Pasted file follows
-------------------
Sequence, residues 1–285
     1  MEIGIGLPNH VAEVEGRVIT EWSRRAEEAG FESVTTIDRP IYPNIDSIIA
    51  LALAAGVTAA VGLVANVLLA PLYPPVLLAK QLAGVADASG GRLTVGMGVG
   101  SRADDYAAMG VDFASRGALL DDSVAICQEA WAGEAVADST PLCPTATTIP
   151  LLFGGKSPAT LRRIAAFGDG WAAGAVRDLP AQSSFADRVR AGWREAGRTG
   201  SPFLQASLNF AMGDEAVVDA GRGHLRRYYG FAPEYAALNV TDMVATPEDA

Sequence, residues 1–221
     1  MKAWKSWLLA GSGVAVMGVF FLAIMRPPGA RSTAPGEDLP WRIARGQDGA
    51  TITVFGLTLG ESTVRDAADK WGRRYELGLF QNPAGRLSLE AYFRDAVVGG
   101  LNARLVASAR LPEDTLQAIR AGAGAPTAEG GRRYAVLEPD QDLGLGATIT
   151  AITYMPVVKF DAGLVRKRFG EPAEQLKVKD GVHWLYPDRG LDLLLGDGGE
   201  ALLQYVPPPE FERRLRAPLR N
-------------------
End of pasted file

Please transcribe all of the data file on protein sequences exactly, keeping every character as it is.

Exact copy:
Sequence, residues 1–285
     1  MEIGIGLPNH VAEVEGRVIT EWSRRAEEAG FESVTTIDRP IYPNIDSIIA
    51  LALAAGVTAA VGLVANVLLA PLYPPVLLAK QLAGVADASG GRLTVGMGVG
   101  SRADDYAAMG VDFASRGALL DDSVAICQEA WAGEAVADST PLCPTATTIP
   151  LLFGGKSPAT LRRIAAFGDG WAAGAVRDLP AQSSFADRVR AGWREAGRTG
   201  SPFLQASLNF AMGDEAVVDA GRGHLRRYYG FAPEYAALNV TDMVATPEDA

Sequence, residues 1–221
     1  MKAWKSWLLA GSGVAVMGVF FLAIMRPPGA RSTAPGEDLP WRIARGQDGA
    51  TITVFGLTLG ESTVRDAADK WGRRYELGLF QNPAGRLSLE AYFRDAVVGG
   101  LNARLVASAR LPEDTLQAIR AGAGAPTAEG GRRYAVLEPD QDLGLGATIT
   151  AITYMPVVKF DAGLVRKRFG EPAEQLKVKD GVHWLYPDRG LDLLLGDGGE
   201  ALLQYVPPPE FERRLRAPLR N